Tips for Teachers

//Tips for Teachers
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Question: Should We Be Teaching Financial Habits or Goals?

I can always count on the Farnham Street blog for thought-provoking questions. Their recent post “Habits vs Goals : A Look at the Benefits of a Systematic Approach to Life,” caught my attention because it is something I struggle with. Namely, how can I operationalize ambitious goals into day-to-day habits? Goals can often seem daunting but when you break them down into daily or frequent habitual actions they suddenly seem easier.

Here’s the main takeaways from this five minute article:

NGPF Podcast: Tim Talks To NGPF’s Jessica Endlich and Sonia Dalal About Their New One-Semester Course

Today on the podcast we hear from NGPF’s Jessica and Sonia about the new One-Semester Course that they are creating. We often hear from teachers that NGPF has great content but also that there is SO much of it.  Given how busy you are, we wanted to make it easy for you by developing the “greatest hits” of NGPF that you could fit into a semester course. Putting their problem-solving hats on, Jessica and Sonia are in the process of developing a One-Semester Course of exactly 90 lessons (18 weeks) of exactly 45 minutes each that you can use to teach your course in the fall. They have created the first four units of this course, provided PD in webinar format, and now join me on this NGPF podcast. We will go under the hood to learn how this new curriculum is being developed, the timeline for its rollout and how they incorporated teacher feedback to continue to improve their product. Enjoy!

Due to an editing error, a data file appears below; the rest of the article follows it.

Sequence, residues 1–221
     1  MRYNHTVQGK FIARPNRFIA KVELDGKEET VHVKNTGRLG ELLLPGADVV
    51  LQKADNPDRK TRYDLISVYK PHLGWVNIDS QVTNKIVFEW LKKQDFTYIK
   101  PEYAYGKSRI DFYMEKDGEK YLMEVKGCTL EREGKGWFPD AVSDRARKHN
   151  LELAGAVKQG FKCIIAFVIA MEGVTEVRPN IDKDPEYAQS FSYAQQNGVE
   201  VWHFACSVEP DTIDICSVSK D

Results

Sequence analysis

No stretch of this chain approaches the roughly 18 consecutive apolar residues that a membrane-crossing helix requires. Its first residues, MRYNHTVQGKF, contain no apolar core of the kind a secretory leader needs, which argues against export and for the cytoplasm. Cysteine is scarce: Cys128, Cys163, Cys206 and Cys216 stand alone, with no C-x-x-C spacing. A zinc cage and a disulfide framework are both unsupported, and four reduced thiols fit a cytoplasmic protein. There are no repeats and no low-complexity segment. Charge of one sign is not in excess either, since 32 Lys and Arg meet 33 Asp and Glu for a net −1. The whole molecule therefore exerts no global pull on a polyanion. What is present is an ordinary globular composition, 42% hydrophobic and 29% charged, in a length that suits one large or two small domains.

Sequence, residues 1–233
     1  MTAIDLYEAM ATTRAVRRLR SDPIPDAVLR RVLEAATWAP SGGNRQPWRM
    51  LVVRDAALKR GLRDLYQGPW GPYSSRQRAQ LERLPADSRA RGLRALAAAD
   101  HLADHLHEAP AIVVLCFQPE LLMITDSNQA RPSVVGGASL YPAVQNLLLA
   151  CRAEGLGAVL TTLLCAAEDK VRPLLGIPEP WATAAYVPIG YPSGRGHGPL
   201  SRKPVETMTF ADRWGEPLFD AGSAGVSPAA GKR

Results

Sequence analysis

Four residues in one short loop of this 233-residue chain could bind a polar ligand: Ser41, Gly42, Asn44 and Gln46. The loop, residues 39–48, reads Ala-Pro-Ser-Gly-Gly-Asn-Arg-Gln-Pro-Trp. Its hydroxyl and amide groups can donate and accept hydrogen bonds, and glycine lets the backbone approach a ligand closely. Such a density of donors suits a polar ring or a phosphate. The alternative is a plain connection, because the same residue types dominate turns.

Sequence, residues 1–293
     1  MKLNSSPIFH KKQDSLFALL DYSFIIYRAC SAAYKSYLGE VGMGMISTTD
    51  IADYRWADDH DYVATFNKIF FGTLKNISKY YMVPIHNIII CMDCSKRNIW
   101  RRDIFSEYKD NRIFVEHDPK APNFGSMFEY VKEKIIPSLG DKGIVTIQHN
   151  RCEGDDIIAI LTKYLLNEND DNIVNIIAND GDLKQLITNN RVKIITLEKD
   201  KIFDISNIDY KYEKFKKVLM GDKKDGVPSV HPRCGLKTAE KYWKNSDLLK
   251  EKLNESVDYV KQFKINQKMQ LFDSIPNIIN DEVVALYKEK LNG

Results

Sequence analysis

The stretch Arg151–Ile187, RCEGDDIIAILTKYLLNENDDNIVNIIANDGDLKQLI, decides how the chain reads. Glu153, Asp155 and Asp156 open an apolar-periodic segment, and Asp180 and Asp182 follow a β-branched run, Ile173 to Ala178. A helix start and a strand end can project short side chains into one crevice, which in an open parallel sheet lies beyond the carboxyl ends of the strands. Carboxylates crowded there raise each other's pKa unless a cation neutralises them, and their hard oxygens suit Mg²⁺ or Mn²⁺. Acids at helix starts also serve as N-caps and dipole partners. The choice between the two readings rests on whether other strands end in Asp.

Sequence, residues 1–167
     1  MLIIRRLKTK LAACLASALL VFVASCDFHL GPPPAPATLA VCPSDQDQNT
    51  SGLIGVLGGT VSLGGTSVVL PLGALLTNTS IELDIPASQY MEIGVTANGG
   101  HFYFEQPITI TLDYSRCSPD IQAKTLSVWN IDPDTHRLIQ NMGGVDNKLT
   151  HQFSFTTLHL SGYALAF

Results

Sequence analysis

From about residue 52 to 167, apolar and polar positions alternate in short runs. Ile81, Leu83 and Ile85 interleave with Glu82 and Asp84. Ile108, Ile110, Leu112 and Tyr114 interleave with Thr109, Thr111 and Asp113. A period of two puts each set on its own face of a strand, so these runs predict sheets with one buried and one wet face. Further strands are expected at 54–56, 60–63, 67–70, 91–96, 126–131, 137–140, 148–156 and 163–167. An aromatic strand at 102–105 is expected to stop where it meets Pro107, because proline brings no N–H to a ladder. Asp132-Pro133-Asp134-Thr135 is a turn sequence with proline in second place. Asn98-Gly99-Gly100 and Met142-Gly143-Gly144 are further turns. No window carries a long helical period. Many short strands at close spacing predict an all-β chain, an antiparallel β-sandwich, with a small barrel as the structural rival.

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NGPF Launches 3rd Annual Teacher Innovator Contest

Here are the deets:

WHAT DO I NEED TO SUBMIT?
  • COMPLETE THIS FORM to submit details about your favorite personal finance lesson or activity that demonstrates an innovative approach to teaching a personal finance concept. 
WHAT IS CONSIDERED “INNOVATIVE?”
  • Creation of an original lesson plan or activity with a personal finance focus
  • Modification of an existing lesson or activity (e.g., creating an extension activity to challenge your high performers, finding additional resources to supplement your lesson/activity, creating a differentiated lesson/activity to meet the various learning styles of your students)
  • Modification of an existing lesson or activity to meet the needs of a specific student population (e.g., English Language Learners (ELL), Individualized Learning Plans (ILP), Special Education)

Keep in mind: your submission should be replicable for other educators and not reliant on outside partnerships. 

WHO IS ELIGIBLE?

NGPF Podcast: Tim Talks To NGPF Fellow Amy McCabe of Culpeper High School (Virginia)

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Thanks to Amy McCabe for taking the time to participate in this recent NGPF Podcast. I got to know Amy during our inaugural Summer Institute in 2016 and was struck by her passion for teaching and for ensuring her students get the skills they need to succeed in their financial lives. In this podcast, you will learn from Amy what it’s like to teach in a state with a personal finance mandate. She discusses her approach to teaching challenging topics, such as investing and insurance and how she injects story-telling into her lessons. You will also discover what Amy bought for $10 recently that brought great joy into her life. Enjoy!

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The D-Word: Differentiation!